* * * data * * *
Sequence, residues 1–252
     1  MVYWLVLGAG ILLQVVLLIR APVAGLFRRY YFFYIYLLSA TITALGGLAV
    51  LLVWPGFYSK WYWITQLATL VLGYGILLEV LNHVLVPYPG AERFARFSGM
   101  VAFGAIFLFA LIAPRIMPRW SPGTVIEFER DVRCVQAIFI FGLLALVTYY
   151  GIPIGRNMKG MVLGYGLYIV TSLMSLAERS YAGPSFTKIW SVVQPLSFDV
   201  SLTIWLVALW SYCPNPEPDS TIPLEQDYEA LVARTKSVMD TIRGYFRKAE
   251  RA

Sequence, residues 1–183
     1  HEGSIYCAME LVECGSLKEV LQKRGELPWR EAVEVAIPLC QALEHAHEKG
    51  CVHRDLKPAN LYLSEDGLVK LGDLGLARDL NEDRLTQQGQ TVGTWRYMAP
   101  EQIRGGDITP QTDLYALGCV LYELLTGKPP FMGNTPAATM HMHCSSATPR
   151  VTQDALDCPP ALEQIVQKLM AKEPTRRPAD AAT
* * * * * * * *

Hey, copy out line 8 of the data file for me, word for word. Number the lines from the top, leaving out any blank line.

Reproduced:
Sequence, residues 1–183